They say despite longer days the fall and winter months go by quickest, our attentions sated by football and gambling and long bouts of hibernatory sleep. Jack predicts this coming winter will have in store considerable carnage, as he believes, contrary to popular opinion, it isn’t summer’s heat but winter’s claustrophobia that ignites men’s passions. Sleet storms and freak fog cause frequent lockdowns during the cooler months. Cooped up against the elements, inmates tend to get a little itchy around the collar. Disagreements arise; fights break out. Jack points to this past summer’s relative calm as proof that we’re due for upset.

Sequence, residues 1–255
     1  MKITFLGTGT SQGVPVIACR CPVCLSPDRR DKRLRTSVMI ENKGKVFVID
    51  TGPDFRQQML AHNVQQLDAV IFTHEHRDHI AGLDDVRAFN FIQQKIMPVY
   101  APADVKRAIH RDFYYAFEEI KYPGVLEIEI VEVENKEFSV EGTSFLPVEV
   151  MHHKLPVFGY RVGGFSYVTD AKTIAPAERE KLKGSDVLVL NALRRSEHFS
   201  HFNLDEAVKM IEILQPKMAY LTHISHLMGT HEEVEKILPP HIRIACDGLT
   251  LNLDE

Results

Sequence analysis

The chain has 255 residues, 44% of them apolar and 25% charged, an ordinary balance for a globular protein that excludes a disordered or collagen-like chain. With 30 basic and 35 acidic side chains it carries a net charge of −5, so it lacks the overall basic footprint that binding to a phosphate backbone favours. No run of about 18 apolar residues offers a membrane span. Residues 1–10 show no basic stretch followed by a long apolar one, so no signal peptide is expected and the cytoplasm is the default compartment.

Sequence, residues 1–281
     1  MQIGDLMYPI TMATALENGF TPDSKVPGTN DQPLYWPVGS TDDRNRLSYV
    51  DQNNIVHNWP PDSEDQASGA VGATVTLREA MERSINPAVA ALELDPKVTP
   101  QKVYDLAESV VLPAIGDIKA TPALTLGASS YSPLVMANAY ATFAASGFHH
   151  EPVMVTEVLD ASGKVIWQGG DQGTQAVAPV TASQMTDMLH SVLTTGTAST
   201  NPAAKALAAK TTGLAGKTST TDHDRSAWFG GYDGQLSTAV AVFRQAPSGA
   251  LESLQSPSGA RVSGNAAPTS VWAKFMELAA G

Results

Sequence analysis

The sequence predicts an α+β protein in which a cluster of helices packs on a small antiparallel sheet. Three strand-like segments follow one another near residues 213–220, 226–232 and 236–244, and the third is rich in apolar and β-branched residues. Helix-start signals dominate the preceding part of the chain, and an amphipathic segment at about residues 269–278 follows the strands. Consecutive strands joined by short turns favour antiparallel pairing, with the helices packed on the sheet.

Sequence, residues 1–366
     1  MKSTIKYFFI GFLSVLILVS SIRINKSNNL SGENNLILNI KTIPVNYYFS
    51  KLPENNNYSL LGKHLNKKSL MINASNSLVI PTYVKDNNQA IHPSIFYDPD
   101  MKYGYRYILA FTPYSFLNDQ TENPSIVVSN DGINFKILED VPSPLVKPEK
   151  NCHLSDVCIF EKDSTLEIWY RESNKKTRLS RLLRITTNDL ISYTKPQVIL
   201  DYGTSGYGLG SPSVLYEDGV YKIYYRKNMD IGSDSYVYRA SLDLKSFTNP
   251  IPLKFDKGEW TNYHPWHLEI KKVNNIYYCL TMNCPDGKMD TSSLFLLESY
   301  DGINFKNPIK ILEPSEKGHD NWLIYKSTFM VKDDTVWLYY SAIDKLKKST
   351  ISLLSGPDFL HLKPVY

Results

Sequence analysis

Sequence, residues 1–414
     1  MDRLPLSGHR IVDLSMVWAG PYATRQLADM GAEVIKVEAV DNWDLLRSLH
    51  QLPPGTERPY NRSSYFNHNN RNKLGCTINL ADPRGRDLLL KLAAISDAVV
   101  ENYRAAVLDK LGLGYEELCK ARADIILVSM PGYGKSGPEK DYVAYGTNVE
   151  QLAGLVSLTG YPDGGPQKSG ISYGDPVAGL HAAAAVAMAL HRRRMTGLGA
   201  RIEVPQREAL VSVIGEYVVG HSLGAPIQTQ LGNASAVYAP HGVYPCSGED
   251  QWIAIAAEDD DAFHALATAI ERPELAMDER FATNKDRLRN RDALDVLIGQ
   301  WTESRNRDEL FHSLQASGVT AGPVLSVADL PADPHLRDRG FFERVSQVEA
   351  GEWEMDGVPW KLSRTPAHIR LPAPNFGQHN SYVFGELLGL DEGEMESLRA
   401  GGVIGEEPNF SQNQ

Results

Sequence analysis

Looking back it’s true the outgoing summer was a quiet one. Perhaps the relentless heat knocked the fight out of us, as it did the wind turbine. We had only one upper-body check all season. Having spotted a black eye or bit of blood, the officers had every inmate line up and remove his shirt to check for cuts or bruises that might implicate others in a scuffle. Another minor incident involved a deaf man, whose inquisitive mole-like face pleads to be hit. The chow hall was packed that afternoon, and for want of a seat the deaf man, a sex offender, sat down at a table designated for affiliated whites. Affiliated whites do not take kindly to sex offenders, especially one who so flagrantly violates the established order: dope slingers do not sit with perverts; fraudsters do not mix with pedophiles; murderers do not associate with child molesters. One of the whites said something to this effect, though it’s doubtful the deaf man heard him. When he refused to budge from his seat the white man set down his fork, reared back his hand, and slapped the mute open-handed across his soft, searching face. The tiny coiled wire of his implant trembled above his left ear. In another incident, whether because of a personal beef or simply because he is an eager target, a black inmate tossed the deaf man’s food in the trash while he was away refilling his drink.